Netflix's 'Shadow and Bone' review: YA fantasy adaptation that improves as you binge

  • Non-readers may take a bit more time to figure out what’s happening in the show, but fans of the original series will enjoy seeing the world come alive
  • Jessie Mei Li stars in the TV show based on the young adult books by Leigh Bardugo
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Jessie Mei Li stars as Alina Starkov in Netflix's 'Shadow and Bone'. Photo: courtesy of Netflix

Netflix’s “Shadow and Bone” is a less than graceful adaptation of two book series by young adult author Leigh Bardugo. But as the eight-episode first season gets going, there’s a rollicking fantasy adventure to be had with some stellar performances from the cast of fresh faces.

It is set in Bardugo’s fantasy world: the chosen-one Grisha Trilogy, and the related but independent heist Nikolai Duology. In trying to bring together disparate characters, show creator Eric Heisserer has made a series that’s likely to satisfy book readers but requires a bit more effort for newbies who don’t know what a “Grisha” is.

In “Shadow”, some wizards, known as Grisha, have powers over air, water, fire, or inorganic matter. Some can heal or harm others with a flick of their fingers. The world is geopolitically divided, just like our own. There’s the hulking Ravka, a stand-in for Tsarist Russia, which has been blighted by man-eating creatures and a dark “Shadow Fold” the sun can’t penetrate.

It’s there we find our heroine, Alina Starkov (Jessie Mei Li), a young, low-level soldier hopelessly besotted with her childhood best friend Malyen Oretsev (Archie Renaux). When Alina and Mal’s lives are endangered, Alina reveals her rare Grisha power of “Sun Summoner”, the ability to summon and control sunlight, which might be the key to ridding Ravka of the dreaded Fold forever. She’s whisked away for training by the mysteriously powerful (and obviously handsome) General Kirigan (Ben Barnes), leader of Ravka’s Grisha, leaving behind her beloved Mal.

Meanwhile, across the sea on the island nation of Kerch in the city of Ketterdam – which in the books is more established as a version of Amsterdam – a group of young street-gang ruffians including Kaz (Freddy Carter), Jesper (Kit Young), and Inej (Amita Suman) get the offer of a lifetime: For a small fortune, the “Crows” are tasked with kidnapping Alina for a rich merchant who wants to use her power for profit. Ruthless crime boss Kaz, knife-wielding acrobat Inej, and sharpshooter Jesper head to Ravka in search of their bounty.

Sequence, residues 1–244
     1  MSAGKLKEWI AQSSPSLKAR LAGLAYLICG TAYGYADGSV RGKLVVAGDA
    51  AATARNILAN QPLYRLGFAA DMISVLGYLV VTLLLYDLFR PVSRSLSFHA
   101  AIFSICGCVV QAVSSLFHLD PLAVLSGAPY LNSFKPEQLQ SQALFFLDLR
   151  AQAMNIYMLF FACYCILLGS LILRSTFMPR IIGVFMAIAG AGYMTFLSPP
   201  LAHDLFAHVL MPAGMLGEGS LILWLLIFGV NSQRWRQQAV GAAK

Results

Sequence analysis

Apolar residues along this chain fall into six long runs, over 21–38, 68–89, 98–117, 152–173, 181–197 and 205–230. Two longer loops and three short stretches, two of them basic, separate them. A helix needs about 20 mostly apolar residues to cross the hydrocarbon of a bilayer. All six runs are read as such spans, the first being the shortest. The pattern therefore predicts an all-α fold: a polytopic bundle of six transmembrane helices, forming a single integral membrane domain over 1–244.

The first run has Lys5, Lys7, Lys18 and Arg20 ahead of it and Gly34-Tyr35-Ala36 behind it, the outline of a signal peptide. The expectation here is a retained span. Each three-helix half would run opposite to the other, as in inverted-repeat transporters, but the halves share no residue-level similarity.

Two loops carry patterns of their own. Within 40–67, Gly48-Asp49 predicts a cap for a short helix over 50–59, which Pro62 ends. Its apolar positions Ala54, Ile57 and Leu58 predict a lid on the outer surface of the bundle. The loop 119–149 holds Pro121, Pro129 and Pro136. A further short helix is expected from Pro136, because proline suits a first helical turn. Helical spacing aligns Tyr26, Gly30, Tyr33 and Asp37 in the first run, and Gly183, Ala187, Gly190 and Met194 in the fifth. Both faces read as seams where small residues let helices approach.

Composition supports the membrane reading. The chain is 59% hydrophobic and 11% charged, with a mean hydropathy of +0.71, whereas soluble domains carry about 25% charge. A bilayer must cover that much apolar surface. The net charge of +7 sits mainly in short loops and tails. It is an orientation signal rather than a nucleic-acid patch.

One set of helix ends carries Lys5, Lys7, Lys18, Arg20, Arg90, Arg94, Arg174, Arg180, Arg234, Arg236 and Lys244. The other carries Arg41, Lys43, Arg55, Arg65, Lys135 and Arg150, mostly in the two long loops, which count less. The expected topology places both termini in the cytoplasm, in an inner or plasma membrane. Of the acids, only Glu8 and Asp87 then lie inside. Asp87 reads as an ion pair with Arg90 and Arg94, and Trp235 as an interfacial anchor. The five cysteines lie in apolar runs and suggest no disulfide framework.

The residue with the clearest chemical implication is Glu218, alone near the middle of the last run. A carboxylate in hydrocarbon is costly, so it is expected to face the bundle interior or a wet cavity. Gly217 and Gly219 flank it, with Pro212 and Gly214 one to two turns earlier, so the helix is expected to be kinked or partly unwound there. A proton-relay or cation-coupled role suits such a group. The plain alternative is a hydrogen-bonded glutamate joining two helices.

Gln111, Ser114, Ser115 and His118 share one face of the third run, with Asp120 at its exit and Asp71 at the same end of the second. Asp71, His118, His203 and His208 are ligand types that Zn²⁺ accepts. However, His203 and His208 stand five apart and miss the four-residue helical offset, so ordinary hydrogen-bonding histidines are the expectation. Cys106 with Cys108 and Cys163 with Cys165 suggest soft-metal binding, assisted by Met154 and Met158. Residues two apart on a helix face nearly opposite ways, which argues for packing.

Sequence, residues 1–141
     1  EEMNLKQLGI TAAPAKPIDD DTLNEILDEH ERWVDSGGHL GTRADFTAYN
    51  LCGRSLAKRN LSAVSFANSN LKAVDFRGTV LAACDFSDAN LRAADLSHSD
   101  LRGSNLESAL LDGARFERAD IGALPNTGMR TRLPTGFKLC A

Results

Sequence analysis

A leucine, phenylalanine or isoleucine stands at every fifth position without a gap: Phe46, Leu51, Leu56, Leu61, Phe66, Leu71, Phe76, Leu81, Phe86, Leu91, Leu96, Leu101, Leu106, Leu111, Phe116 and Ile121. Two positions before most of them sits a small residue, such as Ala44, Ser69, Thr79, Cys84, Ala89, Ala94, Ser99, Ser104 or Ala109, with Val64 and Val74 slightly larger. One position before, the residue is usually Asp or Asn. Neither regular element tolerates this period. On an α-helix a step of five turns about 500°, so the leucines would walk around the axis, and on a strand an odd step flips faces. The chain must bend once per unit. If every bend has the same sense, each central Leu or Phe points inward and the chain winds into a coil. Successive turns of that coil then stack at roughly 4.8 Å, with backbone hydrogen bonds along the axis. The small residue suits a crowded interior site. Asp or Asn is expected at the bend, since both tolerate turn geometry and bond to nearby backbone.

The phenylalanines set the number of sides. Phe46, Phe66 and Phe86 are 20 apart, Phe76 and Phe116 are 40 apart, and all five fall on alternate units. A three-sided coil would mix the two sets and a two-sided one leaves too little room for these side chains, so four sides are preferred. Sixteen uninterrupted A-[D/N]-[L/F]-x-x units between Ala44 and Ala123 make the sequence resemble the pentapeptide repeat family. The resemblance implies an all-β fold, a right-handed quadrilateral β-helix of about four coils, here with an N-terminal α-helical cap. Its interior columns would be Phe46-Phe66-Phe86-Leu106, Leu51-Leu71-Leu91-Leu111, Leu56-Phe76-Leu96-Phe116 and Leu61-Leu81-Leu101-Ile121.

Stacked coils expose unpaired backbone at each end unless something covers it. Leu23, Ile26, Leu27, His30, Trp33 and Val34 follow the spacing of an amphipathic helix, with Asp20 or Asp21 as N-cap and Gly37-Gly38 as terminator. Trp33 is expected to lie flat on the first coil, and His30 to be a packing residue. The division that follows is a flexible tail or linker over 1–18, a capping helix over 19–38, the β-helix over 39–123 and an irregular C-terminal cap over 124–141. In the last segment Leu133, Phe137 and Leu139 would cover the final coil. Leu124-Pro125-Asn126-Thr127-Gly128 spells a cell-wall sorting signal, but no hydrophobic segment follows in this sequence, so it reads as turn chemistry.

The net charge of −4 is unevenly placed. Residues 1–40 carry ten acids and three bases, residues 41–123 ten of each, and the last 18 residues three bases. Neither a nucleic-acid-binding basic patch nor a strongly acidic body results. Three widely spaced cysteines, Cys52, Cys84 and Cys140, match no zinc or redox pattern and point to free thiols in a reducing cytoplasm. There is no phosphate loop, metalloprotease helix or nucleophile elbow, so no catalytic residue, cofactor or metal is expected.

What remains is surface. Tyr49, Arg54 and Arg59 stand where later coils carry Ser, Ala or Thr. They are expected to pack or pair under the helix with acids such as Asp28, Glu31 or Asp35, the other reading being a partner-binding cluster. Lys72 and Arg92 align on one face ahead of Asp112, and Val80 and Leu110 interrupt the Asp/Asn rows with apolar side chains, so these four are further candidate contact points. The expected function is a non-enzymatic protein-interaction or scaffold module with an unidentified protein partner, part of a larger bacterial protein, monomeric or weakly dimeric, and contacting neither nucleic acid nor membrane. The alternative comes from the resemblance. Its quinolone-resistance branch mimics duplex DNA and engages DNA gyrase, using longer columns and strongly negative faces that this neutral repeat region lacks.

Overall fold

Adding to the sprawling cast are Grisha Nina Zenik (Danielle Galligan) and Grisha-hunter Matthias Helvar (Calahan Skogman). Matthias is from Fjerda, a Scandinavian stand-in where Grisha are hunted as witches. Matthias captures Nina, but a shipwreck forces them to work as unlikely allies.

Even for new viewers, it’s pretty easy to see which parts come from which book series, and thus don’t fit together easily.

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Although the world-building and character development feels rushed, the maddening thing is that when you actually understand what is happening in “Shadow,” there is some really good TV there. The visuals are sumptuous, its setting a welcome reprieve from the sameness of so many fantasy series set in stand-ins for medieval England.

And starting with Episode 5, the series finds their groove, improves the pacing, and establishes its stakes. Many of the talented actors and their relationships start to come alive on the screen.

Five episodes is a long time to wait for a series to get good, but it might be worth it, even for non-readers. By the finale, a bombastic, smartly choreographed episode, all the pieces are in place for “Shadow” to go to bigger and better places in a potential second season.

Having loved all five books “Shadow” is based on, we may be irrationally optimistic about its chances for improvement. But it’s hard to give up on the stories you love. Our hope is that Heisserer and his writers don’t, either.

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